Guest Column: Keep an eye out for sea turtles this season

First published in Landings, June, 2016.

On July 12, 2015, Maine Marine Patrol learned that a six-foot-long leatherback sea turtle was entangled in the vertical lines of pot gear off the coast of Kennebunkport. Two officers, Chris Hilton and Ben Burns, diverted from their normal duties to help the turtle. It was important to reach the sea turtle quickly. Sea turtles, like their reptilian cousins, breathe air; the animal may drown if it cannot reach the surface to breathe due to entanglement in line or netting. Entanglement can also cause serious injury to the turtle as it struggles and tries to get away from the gear.

A leatherback turtle is named for the leathery, semi-flexible plates that form its shell. The animals may grow to between 600 and 1,000 pounds in weight. NOAA photo.

A leatherback turtle is named for the leathery, semi-flexible plates that form its shell. The animals may grow to between 600 and 1,000 pounds in weight. NOAA photo.

When Officers Hilton and Burns arrived on scene, they found the turtle’s front flippers entangled by vertical lines from two sets of lobster pot gear. When they approached the turtle, it started diving and hauling the buoys under the surface. The officers gaffed the anchoring line and cleated it to their boat, allowing them to get close to the turtle. They cut the lines from the turtle and it swam off, with only chafing on its flippers as evidence of its ordeal. This turtle was lucky to have been reported early by a private boater and to receive such a quick response from the Maine Marine Patrol. Unfortunately, not all turtles are so lucky.

Dangerous rescue

When a sea turtle becomes entangled in line, releasing it can be risky and complicated. Lines can become wrapped many times around the neck and flippers, cutting off circulation and damaging the skin or holding the animal below the water. Entangled turtles must be handled carefully to avoid further injury and to give them the best chance of survival. All gear must be removed before release as even small amounts left on the turtle can eventually lead to serious injury or death. Due to the complexity of these cases and potential danger of handling large, powerful animals, the National Oceanic and Atmospheric Administration (NOAA) works with the Sea Turtle Disentanglement Network, which is made up of nonprofit organizations and state and federal agencies that are authorized and trained to respond. In Maine, most entangled turtles are leatherbacks, which can weigh up to 1000 pounds. Handling an animal this big can be dangerous for responders. For everyone’s safety, responders undergo specialized training and are legally authorized to disentangle sea turtles.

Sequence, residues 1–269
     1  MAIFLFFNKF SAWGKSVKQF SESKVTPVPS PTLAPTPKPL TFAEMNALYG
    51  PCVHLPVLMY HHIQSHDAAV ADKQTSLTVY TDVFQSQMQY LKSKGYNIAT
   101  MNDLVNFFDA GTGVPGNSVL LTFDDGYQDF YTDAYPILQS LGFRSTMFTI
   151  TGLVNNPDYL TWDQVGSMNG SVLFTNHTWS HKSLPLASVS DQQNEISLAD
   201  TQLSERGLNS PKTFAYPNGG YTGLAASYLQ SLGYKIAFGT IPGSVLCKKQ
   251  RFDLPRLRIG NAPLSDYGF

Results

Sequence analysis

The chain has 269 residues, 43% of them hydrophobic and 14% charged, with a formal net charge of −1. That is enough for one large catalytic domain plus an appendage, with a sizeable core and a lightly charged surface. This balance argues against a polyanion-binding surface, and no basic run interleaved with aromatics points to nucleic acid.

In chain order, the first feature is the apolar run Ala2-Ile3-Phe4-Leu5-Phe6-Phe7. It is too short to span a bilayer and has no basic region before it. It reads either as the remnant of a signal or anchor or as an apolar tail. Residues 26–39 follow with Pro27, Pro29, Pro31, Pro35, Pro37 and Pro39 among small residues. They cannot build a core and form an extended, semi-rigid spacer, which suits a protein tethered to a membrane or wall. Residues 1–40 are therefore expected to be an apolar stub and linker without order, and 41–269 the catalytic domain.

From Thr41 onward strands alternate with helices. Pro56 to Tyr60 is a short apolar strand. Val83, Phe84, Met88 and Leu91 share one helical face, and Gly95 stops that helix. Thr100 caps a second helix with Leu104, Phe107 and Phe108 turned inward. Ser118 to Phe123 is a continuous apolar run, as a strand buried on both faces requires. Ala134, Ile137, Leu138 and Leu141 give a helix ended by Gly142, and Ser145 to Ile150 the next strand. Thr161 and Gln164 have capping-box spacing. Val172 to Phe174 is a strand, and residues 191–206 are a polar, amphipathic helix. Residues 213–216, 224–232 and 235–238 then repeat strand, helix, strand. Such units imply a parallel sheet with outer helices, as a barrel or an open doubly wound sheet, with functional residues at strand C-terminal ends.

Ongoing problem

All sea turtles in U.S. waters are protected under the Endangered Species Act. Through management, conservation, and recovery efforts, and public outreach and education, responders strive to ensure the survival of sea turtles. Freeing entangled sea turtles is a stop-gap measure to address the issue of sea turtle entanglement in vertical line. Ultimately, we want to better understand why and how turtles become entangled in order to stop entanglements from happening in the first place. Only a fraction of the turtles that are entangled get reported in time for them to be rescued; the rest most likely will not survive. Preventing entanglement without impacting fishing is a significant challenge. We continue to work with partners, including the fishing industry, to collect important information about these entanglements and discuss potential solutions.

Please report

The loggerhead turtle is one of the endangered sea turtle species found in the Gulf of Maine. Their large heads feature powerful jaw muscles which can crush prey like clams and sea urchins. NOAA photo.

The loggerhead turtle is one of the endangered sea turtle species found in the Gulf of Maine. Their large heads feature powerful jaw muscles which can crush prey like clams and sea urchins. NOAA photo.

We cannot do our work without reports from people like you who are on the water and see an entangled or injured turtle. We ask you to report sea turtle entanglements immediately to our marine animal hotline 1-866-755-6622 and stand by the turtle at a safe distance until you receive further instruction. Network members will respond quickly to assess the turtle, disentangle it safely and completely, and provide it with medical care, if necessary.

In some cases, factors such as distance from shore or weather prohibit responders from reaching the entangled turtle quickly. To prepare for these situations, fishermen participating in certain federally managed fisheries, including the American lobster fishery, are authorized under their individual fishery management plan’s Biological Opinions to disentangle turtles from gear. These fishermen have received a placard outlining sea turtle disentanglement techniques. However, it is still important to report entangled turtles to the marine animal hotline first, as a member of the network may be able to respond. The Disentanglement Network has specialized tools, training, and access to medical care that could mean the difference between life and death for an entangled turtle.

For additional information, contact the Protected Resources Division in NOAA’s Greater Atlantic Regional Fisheries Office at 978-281-9328.

Ellen Keane is the Sea Turtle Bycatch Reduction Specialist at the Greater Atlantic Region Fisheries Office of NOAA.